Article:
Above: Rhett Lynch artwork is displayed at Hotel Chaco. Left: The artist working his mural room at Nativo Lodge.

features a painting of 175 prayer ties over the bed, reflecting his desire to create a prayerful space. “I try to bridge people’s understanding of indigenous spirituality with the hope that they find some sort of healing,” he says. At Hotel Chaco, his relaxation room piece I Am, reflects petroglyphs found at Chaco Canyon—a historically and culturally significant area for the indigenous peoples of the Southwest. In the painting, each hand proclaims, “I was here, I exist.” Lynch consulted on the design of Hotel Chaco and curates the artists featured in Gallery Chaco. Amid all his success, he’s looking forward to this career season. “I’ve waited my whole life for this part of my career. All of my life has been setting up what I’m going to do now,” he says. Just what he has in store, we’ll have to wait and see.


The Best is Yet to Come


The Mash-Up Artist DJ CloudFace spins unique beats at Hotel Chaco’s LVL 5.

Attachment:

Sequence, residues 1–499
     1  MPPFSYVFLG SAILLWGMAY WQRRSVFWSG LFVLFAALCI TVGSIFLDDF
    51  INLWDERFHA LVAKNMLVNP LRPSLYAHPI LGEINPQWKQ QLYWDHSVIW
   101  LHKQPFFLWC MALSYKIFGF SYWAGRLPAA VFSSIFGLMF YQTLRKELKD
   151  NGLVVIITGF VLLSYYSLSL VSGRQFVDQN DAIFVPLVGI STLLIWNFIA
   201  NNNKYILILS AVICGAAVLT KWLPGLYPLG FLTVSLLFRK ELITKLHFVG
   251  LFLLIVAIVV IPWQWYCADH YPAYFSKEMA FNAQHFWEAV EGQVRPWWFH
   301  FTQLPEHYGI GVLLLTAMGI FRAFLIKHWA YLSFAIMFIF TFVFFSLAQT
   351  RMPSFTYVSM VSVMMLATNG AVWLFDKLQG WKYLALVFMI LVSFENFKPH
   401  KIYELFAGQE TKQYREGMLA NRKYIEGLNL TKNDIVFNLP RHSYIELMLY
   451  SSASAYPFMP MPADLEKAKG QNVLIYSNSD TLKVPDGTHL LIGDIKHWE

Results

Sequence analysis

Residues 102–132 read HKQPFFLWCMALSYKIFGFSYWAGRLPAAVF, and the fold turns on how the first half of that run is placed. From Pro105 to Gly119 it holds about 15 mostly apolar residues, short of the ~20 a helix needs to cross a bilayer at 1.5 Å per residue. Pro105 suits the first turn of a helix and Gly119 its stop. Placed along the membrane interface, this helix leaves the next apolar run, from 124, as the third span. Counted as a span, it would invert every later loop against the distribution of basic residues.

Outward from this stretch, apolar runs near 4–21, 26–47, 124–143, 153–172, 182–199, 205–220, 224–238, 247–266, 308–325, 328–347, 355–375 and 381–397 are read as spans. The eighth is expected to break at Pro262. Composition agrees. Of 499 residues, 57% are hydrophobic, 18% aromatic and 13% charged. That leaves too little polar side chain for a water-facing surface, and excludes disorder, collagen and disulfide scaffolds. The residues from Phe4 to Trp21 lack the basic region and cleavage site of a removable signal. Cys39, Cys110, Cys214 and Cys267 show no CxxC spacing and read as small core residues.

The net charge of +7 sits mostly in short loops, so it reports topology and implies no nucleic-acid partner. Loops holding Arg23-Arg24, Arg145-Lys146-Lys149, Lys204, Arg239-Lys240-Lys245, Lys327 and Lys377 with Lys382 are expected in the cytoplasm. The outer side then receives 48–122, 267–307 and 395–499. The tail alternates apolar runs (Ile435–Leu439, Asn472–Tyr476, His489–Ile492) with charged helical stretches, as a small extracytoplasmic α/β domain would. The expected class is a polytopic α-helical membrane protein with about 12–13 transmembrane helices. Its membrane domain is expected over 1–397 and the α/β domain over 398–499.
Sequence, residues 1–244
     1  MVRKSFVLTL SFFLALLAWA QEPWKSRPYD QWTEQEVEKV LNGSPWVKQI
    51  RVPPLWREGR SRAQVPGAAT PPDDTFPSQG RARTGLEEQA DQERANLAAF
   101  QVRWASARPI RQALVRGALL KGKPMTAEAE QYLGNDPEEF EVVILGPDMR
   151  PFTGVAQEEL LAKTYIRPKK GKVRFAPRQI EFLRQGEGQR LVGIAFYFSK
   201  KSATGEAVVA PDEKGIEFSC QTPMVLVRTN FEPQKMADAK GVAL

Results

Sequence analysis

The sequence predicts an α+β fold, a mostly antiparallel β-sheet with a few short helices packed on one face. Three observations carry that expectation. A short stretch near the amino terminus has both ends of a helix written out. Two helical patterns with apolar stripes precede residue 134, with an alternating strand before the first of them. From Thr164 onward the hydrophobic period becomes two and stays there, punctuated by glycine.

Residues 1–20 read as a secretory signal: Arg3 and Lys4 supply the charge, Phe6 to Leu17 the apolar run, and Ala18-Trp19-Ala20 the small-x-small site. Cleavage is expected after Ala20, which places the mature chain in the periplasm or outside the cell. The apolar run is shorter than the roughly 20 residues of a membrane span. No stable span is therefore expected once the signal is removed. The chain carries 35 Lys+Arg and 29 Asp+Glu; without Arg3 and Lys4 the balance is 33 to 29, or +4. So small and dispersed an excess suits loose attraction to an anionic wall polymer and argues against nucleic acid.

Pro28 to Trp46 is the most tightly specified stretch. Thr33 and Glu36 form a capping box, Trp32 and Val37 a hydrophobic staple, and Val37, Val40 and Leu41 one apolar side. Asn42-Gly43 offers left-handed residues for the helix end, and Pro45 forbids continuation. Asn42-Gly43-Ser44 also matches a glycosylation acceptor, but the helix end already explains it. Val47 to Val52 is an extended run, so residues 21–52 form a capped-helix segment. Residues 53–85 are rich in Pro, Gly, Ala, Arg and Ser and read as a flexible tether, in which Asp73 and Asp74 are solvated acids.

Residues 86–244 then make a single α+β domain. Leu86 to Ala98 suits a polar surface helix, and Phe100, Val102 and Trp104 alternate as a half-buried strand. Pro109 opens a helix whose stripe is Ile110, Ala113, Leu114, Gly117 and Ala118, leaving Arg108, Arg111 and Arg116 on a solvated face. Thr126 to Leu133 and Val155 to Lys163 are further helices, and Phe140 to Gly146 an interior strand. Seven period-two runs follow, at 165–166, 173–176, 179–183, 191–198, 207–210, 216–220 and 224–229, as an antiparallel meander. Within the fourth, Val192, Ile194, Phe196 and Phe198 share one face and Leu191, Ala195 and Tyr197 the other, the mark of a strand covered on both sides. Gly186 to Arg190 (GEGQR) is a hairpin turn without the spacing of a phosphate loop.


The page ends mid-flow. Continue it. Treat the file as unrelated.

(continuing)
LOUDFACE IS AN ARTISTIC TRIPLE-THREAT: dancer, visual artist, DJ. Ask him, though, and he’ll say he’s a hip hop artist. Hailing from Gallup, New Mexico, where he grew up amid his Diné (Navajo) and Hopi heritage, Patrick Burnham dubbed himself CloudFace in reference to his constant evolution. “When you see a face in a cloud, you look back a moment later, and it’s different. It’s constantly shifting and changing,” he says. For him, visual arts and performing arts are a continuum of the same creative thread. CloudFace DJs at Hotel Chaco’s LVL 5, where his global native vibe enhances the already stunning views. “CloudFace brings one of the most unique sounds on the planet to our hotel. We are thrilled to have his presence and style at Hotel Chaco,” says Liz Robinson, general manager. Growing up, Burnham marveled at the colorful graffiti on trains that rumble through Gallup. It still influences his paintings, which often feature calligraphy strokes, and he also frequently paints birds, particularly hummingbirds, which are sacred to the